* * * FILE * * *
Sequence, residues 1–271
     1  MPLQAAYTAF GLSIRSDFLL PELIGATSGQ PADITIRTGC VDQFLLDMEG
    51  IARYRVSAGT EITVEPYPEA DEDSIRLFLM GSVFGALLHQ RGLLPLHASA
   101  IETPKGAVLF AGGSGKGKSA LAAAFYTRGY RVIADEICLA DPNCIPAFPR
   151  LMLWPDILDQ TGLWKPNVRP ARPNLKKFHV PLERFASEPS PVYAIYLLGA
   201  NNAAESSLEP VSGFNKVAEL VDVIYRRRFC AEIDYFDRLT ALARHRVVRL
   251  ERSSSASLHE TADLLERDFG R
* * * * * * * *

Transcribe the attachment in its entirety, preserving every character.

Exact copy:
Sequence, residues 1–271
     1  MPLQAAYTAF GLSIRSDFLL PELIGATSGQ PADITIRTGC VDQFLLDMEG
    51  IARYRVSAGT EITVEPYPEA DEDSIRLFLM GSVFGALLHQ RGLLPLHASA
   101  IETPKGAVLF AGGSGKGKSA LAAAFYTRGY RVIADEICLA DPNCIPAFPR
   151  LMLWPDILDQ TGLWKPNVRP ARPNLKKFHV PLERFASEPS PVYAIYLLGA
   201  NNAAESSLEP VSGFNKVAEL VDVIYRRRFC AEIDYFDRLT ALARHRVVRL
   251  ERSSSASLHE TADLLERDFG R